Now Raimondo is running for governor in primary where union workers and their families are a crucial constituency. Last week the Wall Street Journal editorial page accused her of ``going wobbly’’ in working on a compromise. But you could take all the Rhode Island Democratic primary voters who read the Wall Street Journal and hold their caucus in a room at the Biltmore. You wouldn’t need the presidential suite.
It was state Superior Court Judge Sarah Taft-Carter who forced the talks by ordering the parties into mediation. What emerged last week looks like a reasonable pact.
Yet it’s far from over. Now, the serious political campaign to win support for the deal kicks off. First, six separate groups of public employees have to vote on it. If any of those groups reject it, the deal blows up. For example, retirees, who would get an immediate cost-of-living adjustment of 2 percent on the first $25,000 of their pension benefits, would get checks of $500 each.
Yet, for the retirees to get those checks, a majority of unionized public school teachers, voting as a bloc, have to approve the entire settlement .
So the state union leaders have their work cut out. They must convince their members that this was the best deal they could negotiate and better than risking an adverse court decision that would hurt their members even more.
If the workers and retirees, about 70,000 voters, approve, the pact goes back to Judge Taft-Carter for further approval. She has to certify that the votes were fair and parties acted in good faith.
If that hurdle is cleared, the settlement would head to the General Assembly just months before all 113 members face election year voters. The Assembly has no choice but to take some kind of an up-or-down vote on the deal. Any amendments would doom the settlement.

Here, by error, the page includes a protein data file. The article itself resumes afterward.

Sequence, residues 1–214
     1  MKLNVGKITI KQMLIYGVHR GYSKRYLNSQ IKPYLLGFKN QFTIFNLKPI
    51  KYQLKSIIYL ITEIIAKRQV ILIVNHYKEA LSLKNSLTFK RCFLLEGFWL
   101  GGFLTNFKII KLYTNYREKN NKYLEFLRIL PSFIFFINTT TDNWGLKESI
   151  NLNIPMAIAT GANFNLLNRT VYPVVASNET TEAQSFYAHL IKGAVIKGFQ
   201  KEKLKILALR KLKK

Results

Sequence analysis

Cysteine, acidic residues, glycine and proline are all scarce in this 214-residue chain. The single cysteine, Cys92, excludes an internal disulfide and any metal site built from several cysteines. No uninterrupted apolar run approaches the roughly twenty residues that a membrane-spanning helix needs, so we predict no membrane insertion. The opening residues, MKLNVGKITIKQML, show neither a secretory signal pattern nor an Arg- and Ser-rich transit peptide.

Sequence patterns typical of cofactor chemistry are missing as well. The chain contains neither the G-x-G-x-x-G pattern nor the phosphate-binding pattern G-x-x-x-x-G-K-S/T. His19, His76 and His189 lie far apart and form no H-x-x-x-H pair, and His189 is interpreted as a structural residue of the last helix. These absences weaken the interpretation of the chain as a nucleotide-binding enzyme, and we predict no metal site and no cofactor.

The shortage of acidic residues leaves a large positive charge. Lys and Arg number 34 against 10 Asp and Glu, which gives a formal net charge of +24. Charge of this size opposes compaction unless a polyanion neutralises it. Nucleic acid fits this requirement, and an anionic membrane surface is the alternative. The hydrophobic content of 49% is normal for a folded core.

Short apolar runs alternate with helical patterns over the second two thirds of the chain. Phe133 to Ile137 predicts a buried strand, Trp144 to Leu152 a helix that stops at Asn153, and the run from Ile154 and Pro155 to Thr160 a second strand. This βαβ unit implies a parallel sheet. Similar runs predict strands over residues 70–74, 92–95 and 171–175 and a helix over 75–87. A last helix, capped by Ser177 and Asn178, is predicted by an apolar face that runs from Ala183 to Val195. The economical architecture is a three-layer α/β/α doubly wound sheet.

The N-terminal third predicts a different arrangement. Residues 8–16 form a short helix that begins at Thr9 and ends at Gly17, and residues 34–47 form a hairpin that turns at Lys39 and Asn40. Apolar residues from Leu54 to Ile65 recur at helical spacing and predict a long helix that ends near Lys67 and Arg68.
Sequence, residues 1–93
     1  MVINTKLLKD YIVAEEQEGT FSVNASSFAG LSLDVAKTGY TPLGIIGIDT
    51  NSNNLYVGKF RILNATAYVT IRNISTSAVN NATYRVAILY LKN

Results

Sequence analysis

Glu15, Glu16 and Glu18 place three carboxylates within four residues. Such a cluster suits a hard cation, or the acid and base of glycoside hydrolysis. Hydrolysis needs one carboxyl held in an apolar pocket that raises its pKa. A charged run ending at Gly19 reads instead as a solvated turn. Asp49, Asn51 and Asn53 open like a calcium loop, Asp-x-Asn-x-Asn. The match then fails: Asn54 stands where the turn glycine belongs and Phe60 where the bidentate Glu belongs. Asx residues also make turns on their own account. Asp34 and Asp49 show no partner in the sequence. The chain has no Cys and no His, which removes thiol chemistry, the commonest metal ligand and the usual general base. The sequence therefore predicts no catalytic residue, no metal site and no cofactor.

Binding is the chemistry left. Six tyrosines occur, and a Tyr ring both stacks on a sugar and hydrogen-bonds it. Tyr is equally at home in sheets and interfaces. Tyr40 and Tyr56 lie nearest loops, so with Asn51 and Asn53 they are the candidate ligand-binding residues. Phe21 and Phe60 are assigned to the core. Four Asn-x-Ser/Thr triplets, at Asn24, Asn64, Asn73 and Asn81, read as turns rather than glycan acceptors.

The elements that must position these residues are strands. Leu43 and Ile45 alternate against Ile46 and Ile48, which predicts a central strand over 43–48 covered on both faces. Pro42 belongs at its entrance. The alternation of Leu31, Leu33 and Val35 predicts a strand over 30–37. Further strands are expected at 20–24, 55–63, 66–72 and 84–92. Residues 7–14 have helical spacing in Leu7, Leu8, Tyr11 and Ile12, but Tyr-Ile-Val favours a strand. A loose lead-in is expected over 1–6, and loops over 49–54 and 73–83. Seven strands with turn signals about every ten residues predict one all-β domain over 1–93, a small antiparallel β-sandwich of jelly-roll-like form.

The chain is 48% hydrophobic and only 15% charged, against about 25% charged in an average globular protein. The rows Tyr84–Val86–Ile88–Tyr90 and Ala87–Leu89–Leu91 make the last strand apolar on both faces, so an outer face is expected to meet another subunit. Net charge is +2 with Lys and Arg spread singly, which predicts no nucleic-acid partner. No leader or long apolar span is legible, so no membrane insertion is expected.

So far, House Speaker Gordon Fox, D-Providence and Senate President Teresa Paiva Weed, D-Newport, have made no commitments to take action this year. They don’t want their members caught between conservatives who are already denouncing the deal as a taxpayer giveaway and union workers and retirees who support it.
The workers involved aren't the greedy cartoon version of public employees so often depicted in the media and especially on talk radio. They are the people who plow the snow, teach your children, tend to patients at Zambarano, police the streets, put out the fires, listen to your complaints at the DMV, feed the students at URI, collect the taxes and fill the potholes.
One way legislative leaders can shield members from a tough vote would be to pull the time-honored Smith Hill maneuver of sticking the settlement into the budget, forcing those who are protest it to cast votes against aid to their local schools and pet projects.
The settlement has already been blasted by some candidates for governor, including Republicans Allan Fung and Ken Block, and Dan Beardsley, the lobbyist for city and town officials. One thing we know for sure. In an election year it won’t matter how reasonable this deal looks to state and union leaders. Prepare for a noisy, even foolish, debate about a topic lots claims to care about but few know much about.
If you’re a state representative, think about it. Hey, rep, do you really wanna tell the elderly gent at the Portuguese Club guy that he doesn’t deserve his $500 because it might havbe an impact on something called an unfunded liability 20 years from now? What do you reply when he says, ``hey rep I’m not going to be eligible again for another four years, and you may be at my wake by then.’’
Ah, the vagaries of local politics in Rhode Island!